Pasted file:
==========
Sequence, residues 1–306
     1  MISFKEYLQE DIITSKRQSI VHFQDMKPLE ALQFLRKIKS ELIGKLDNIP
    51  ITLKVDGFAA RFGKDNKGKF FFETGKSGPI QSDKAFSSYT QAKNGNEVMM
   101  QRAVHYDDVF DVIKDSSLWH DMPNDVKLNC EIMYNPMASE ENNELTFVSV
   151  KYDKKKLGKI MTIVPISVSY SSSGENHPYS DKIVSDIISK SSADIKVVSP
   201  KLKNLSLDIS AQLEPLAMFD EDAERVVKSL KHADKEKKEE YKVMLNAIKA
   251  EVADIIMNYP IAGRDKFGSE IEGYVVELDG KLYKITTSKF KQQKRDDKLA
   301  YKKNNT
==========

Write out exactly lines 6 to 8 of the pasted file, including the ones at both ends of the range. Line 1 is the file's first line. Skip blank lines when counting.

   201  KLKNLSLDIS AQLEPLAMFD EDAERVVKSL KHADKEKKEE YKVMLNAIKA
   251  EVADIIMNYP IAGRDKFGSE IEGYVVELDG KLYKITTSKF KQQKRDDKLA
   301  YKKNNT